Thomas Townshend may refer to:
The Honourable Thomas Townshend, of Frognal House, Kent, was a British Whig politician who sat in the House of Commons for 52 years from 1722 to 1774.
Thomas Townshend, 1st Viscount Sydney PC, was a British politician who sat in the House of Commons from 1754 to 1783 when he was raised to the peerage as Baron Sydney. He held several important Cabinet posts in the second half of the 18th century. The cities of Sydney in Nova Scotia, Canada, and Sydney in New South Wales, Australia were named in his honour, in 1785 and 1788, respectively.
Captain Flag is a fictional superhero created by MLJ Comics' writer Joe Blair and artist Lin Streeter. He first appeared in September 1941, in issue #16 of Blue Ribbon Comics. He shared the cover with Mr. Justice until #19 when Captain Flag was the only one to appear on the cover. He was on until the end of Blue Ribbon Comics in March 1942 with Issue #22.
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Charles Townshend, 2nd Viscount Townshend, was an English Whig statesman. He served for a decade as Secretary of State for the Northern Department, 1714–1717, 1721–1730. He directed British foreign policy in close collaboration with his brother-in-law, prime minister Robert Walpole. He was often known as Turnip Townshend because of his strong interest in farming turnips and his role in the British Agricultural Revolution.
Earl of Leicester is a title that has been created seven times. The first title was granted during the 12th century in the Peerage of England. The current title is in the Peerage of the United Kingdom and was created in 1837.
Marquess Townshend is a title in the Peerage of Great Britain held by the Townshend family of Raynham Hall in Norfolk. This family descends from Roger Townshend, who in 1617 was created a baronet, of Raynham in the County of Norfolk, in the Baronetage of England. He later represented Orford and Norfolk in the House of Commons. His younger son, the third Baronet, played an important role in the restoration of the monarchy after the Civil War and was also Member of Parliament for Norfolk. In 1661 he was created Baron Townshend, of Lynn Regis in the County of Norfolk, and in 1682 he was further honoured when he was made Viscount Townshend, of Raynham in the County of Norfolk. Both titles were in the Peerage of England.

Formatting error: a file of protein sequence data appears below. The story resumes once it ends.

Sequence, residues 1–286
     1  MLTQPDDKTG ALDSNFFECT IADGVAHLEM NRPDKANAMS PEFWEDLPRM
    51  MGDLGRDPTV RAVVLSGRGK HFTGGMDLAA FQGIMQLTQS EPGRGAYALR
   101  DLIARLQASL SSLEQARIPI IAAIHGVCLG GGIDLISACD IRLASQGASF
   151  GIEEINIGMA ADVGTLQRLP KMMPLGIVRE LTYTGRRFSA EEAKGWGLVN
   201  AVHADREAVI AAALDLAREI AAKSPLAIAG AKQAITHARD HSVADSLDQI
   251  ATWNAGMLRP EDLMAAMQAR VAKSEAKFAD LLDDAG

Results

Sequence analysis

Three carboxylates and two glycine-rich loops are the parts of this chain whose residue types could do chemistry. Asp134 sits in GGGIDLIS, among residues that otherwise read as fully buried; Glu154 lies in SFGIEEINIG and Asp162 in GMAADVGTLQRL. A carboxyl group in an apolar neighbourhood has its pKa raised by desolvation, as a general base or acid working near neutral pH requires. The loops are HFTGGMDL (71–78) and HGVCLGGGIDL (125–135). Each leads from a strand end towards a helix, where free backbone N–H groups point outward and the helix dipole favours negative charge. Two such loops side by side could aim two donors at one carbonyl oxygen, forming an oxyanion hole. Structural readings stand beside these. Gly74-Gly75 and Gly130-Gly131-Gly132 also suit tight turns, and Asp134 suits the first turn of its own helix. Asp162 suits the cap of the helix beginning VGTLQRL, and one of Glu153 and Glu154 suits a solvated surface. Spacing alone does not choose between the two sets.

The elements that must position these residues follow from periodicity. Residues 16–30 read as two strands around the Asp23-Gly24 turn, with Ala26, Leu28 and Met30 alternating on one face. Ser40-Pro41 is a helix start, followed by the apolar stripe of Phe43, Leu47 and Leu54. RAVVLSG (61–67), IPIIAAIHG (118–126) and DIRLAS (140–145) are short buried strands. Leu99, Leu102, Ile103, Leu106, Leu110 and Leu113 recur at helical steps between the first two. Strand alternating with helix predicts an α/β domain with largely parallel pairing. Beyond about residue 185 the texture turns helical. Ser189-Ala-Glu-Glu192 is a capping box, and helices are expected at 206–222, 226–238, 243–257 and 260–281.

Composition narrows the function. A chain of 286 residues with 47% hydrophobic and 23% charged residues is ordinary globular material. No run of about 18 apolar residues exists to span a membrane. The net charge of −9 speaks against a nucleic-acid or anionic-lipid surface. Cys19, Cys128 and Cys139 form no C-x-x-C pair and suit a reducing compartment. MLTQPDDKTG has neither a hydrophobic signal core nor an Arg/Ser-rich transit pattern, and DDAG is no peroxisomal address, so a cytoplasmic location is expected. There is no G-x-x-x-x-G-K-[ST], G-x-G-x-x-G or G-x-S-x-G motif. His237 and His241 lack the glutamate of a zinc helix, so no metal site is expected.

Field Marshal George Townshend, 1st Marquess Townshend, PC, known as The Viscount Townshend from 1764 to 1787, was a British soldier and politician. After serving at the Battle of Dettingen during the War of the Austrian Succession and the Battle of Culloden during the Jacobite Rising, Townshend took command of the British forces for the closing stages of the Battle of the Plains of Abraham during the Seven Years' War. He went on to be Lord Lieutenant of Ireland or Viceroy where he introduced measures aimed at increasing the size of Irish regiments, reducing corruption in Ireland and improving the Irish economy. In cooperation with Prime Minister North in London he imposed much greater British control over Ireland. He also served as Master-General of the Ordnance, first in the North Ministry and then in the Fox–North Coalition.
The Townshend Acts were a series of British Acts of Parliament passed during 1767 and 1768 and relating to the British in North America. The acts are named after Charles Townshend, the Chancellor of the Exchequer, who proposed the program. Historians vary slightly as to which acts they include under the heading "Townshend Acts", but five acts are often mentioned:
Tea Act 1773 was an Act of the Parliament of Great Britain. The principal objective was to reduce the massive amount of tea held by the financially troubled British East India Company in its London warehouses and to help the financially struggling company survive. A related objective was to undercut the price of illegal tea, smuggled into Britain's North American colonies. This was supposed to convince the colonists to purchase Company tea on which the Townshend duties were paid, thus implicitly agreeing to accept Parliament's right of taxation. Smuggled tea was a large issue for Britain and the East India company, since approximately 86% of all the tea in America at the time was smuggled Dutch tea.
George John Patrick Dominic Townshend, 7th Marquess Townshend DL, styled Viscount Raynham until 1921, was a British peer and businessman.
Charles Townshend, 3rd Viscount Townshend, known as The Lord Lynn from 1723 to 1738, was a British politician who sat in the House of Commons from 1722 to 1723 when he was elevated to the House of Lords by writ of acceleration.
The Boston Tea Party was a political and mercantile protest by the Sons of Liberty in Boston, Massachusetts, on December 16, 1773. The target was the Tea Act of May 10, 1773, which allowed the British East India company to sell tea from China in American colonies without paying taxes apart from those imposed by the Townshend Acts. American Patriots strongly opposed the taxes in the Townshend Act as a violation of their rights. Demonstrators, some disguised as Native Americans, destroyed an entire shipment of tea sent by the East India Company.
Henry Townshend may refer to:
Events from the year 1767 in Ireland.
Horatio Townshend, 1st Baron Townsend and 1st Viscount Townshend, known as Sir Horatio Townshend, 3rd Baronet, of Raynham, from 1648 to 1661, was an English politician who sat in the House of Commons between 1656 and 1660 and was raised to the peerage in 1661.
William Townshend may refer to:
John Townshend may refer to:
Charles Townshend (1725-1767) was a British Chancellor of the Exchequer.
Thomas Crew, 2nd Baron Crew was an English politician who sat in the House of Commons at various times between 1654 and 1679 when he inherited the peerage Baron Crew.
Elizabeth Townshend, Viscountess Sydney was the wife of Thomas Townshend, 1st Viscount Sydney.